Back in 2008 when I was coming to grips with this new candidate, Obama, I ran across the names of Wright and Ayers and I knew Obama was a radical leftist at heart.

  27. Gringo Says:

    Gringo @ 12:20

    The truth of the matter is that per capita oil income in constant dollars is less than it was in the 1950s, due to a population that has nearly quintupled since then.

    “We’re Rich!” and Other Myths.
    Go down to Oil Revenues per Capita ( $ of 2015). Oil Revenue per Capita was higher in 1965 than in 2016, and not much lower than the figure for 2013, when oil sold for around $100/BBL.

    So my claim is pretty much documented from this graph.

    The fall in Oil Revenue per Capita from 1980 to 1986-1998 gives a much better explanation why Chavez was elected in 1998 than corruption. Juan Bimbo, the Venezuelan John Smith, has tended to judge his government on the amount of oil income it distributes.

  28. Mike Says:

    Gringo:

    You certainly write a lot and have some figures to offer up but:

    Obviously you cannot compare the level of corruption during what is perceived to be a democracy and the outright theft and seizure of monies and other assets during a dictatorship can you? And your numbers regarding food and infant mortality support my assertions well. You mention a quintupling of the population, but don’t point out that Venezuela allowed uncontrolled immigration for many years from other countries in SA creating the huge underclass referred to do you? The corruption and mismanagement was not during CAP’s time only, obviously cumulative of several leaders.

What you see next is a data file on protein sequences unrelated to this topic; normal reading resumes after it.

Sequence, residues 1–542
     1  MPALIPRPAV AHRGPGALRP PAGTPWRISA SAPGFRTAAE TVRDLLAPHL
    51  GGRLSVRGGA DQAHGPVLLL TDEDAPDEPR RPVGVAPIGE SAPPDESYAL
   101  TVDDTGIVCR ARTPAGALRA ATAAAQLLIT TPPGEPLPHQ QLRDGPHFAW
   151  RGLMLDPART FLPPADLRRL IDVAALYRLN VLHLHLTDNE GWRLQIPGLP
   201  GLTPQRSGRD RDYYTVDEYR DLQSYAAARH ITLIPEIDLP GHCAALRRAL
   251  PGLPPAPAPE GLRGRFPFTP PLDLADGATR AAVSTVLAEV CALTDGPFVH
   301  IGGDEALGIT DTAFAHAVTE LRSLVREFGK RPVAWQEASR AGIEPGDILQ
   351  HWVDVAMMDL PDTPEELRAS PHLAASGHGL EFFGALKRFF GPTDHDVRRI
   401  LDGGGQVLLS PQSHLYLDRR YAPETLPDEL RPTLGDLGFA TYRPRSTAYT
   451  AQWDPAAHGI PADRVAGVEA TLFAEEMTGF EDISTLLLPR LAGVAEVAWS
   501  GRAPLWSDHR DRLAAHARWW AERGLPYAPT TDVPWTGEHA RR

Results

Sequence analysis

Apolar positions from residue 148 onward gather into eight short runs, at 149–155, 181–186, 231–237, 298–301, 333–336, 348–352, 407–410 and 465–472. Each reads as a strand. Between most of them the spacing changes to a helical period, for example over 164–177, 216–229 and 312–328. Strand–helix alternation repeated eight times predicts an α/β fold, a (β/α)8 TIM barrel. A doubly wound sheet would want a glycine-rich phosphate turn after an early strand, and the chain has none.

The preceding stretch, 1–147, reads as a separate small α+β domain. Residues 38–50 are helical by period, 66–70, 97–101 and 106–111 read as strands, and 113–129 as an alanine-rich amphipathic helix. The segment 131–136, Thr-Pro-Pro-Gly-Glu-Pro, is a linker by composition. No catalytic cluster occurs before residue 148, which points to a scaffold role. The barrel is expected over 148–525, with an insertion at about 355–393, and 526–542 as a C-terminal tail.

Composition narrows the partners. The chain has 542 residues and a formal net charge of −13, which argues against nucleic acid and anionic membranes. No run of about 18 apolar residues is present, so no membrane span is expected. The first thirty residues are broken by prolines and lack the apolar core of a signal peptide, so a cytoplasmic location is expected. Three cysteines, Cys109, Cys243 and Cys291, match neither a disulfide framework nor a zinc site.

29. Thomas Hazlewood Says:

    Look, folks, Venezuelans asked for this! They VOTED for this, repeatedly! Even this Attorney General who is now resisting WANTED this government.

    Both Illinois’ and Puerto Rico’s peoples (not to mention several other Blue states) voted themselves into their present insolvencies. Their peoples WANTED the governments that they have.

    As long as people are willing to vote for this type of ‘Death by Chocolate’, they will always find themselves afflicted with indigestion. TANSTAAFL

  30. vanderleun Says:

    Instalink.

  31. Gringo Says:

    Mike

    Obviously you cannot compare the level of corruption during what is perceived to be a democracy and the outright theft and seizure of monies and other assets during a dictatorship can you?
    You brought up the issue of corruption during the Fourth Republic, and I replied, correctly pointing out that corruption has been worse under Chavismo. Recall that Chavez campaigned in 1998 on the promise to stop corruption.